Despite the resolve, fresh tears rolled down the cheeks. They laughed harder and teased him more.
Such a wimp! Cry baby! Insult to the name of manhood, they jeered, and shoved him around. ‘We’ll teach you how to man up,’ they guffawed. That’s when Arjun realized the worst was yet to come.
When Arjun finally reached the bus, his collar was torn and his spectacles were broken. Miss was standing next to the bus, with her hands on her hips and a frown on her forehead. As soon as he spotted Arjun, her frown deepened. Arjun scrunched his shoulders and ran faster. ‘What is wrong with you? Every day, you delay us like this. You think we have nothing else to do than wait for you all day.’ She yelled at the top of her voice as he came closer to the bus. ‘Everyone has left, can you see around?’ She grabbed his arm and shook him hard. ‘Next time, we’ll leave you here, you understand? Bloody idiot! Always making mischief!’ She shoved him ahead of her to board the bus.
‘Sorry, miss,’ Arjun said. He slipped off his bag, took his usual seat, and put the bag next to him. That’s when it hit him. The water bottle!
‘Wait?’ He cried, just as Dhiru started the ignition.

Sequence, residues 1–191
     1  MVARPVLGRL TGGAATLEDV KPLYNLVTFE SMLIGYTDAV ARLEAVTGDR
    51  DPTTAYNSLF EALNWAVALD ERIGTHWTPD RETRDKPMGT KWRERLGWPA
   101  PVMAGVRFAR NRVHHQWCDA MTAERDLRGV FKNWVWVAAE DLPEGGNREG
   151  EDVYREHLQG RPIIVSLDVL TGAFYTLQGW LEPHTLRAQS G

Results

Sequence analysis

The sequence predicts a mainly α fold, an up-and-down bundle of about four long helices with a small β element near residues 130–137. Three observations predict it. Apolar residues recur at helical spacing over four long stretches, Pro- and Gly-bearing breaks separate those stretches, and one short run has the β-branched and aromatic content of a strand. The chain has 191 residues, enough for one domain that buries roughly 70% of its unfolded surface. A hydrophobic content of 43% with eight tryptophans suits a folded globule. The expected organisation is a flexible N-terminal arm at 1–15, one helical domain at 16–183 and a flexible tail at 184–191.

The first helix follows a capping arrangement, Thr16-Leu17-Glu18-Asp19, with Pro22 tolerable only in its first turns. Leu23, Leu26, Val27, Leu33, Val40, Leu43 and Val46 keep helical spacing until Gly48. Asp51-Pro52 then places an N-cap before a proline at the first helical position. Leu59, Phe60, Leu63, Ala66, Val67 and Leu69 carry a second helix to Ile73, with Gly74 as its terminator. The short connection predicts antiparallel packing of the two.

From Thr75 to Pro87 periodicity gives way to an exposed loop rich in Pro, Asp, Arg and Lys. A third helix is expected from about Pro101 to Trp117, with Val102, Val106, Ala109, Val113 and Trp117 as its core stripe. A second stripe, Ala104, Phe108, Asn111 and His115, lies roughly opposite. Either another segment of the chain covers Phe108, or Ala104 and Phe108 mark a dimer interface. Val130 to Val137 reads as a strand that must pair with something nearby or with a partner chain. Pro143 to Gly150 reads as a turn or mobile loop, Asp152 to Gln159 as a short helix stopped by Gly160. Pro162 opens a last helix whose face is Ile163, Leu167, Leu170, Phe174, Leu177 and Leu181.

‘Now what?’ Monika hissed.
‘I… I … forgot my water bottle.’
Monika’s eyes blazed with fury. ‘Take it tomorrow.’ The words came out at deliberately slowed rate. Arjun knew better than to argue or plead. He nodded and looked away. She sat back in the seat and barked. ‘Dhiru, drive!’
With his droopy shoulders and his head bowed, Arjun shrank back into his seat. Dhiru looked at Arjun and sighed. Shaking his head, he eased of his foot from the brake and clutch, and drove the bus onto its usual route. Through the one-hour journey, he desperately tried to not think about Arjun and instead keep his attention on the road. Every time the bus stopped at a red-light or at the bus-stop, his mind returned to the mousy-faced Arjun on the front seat.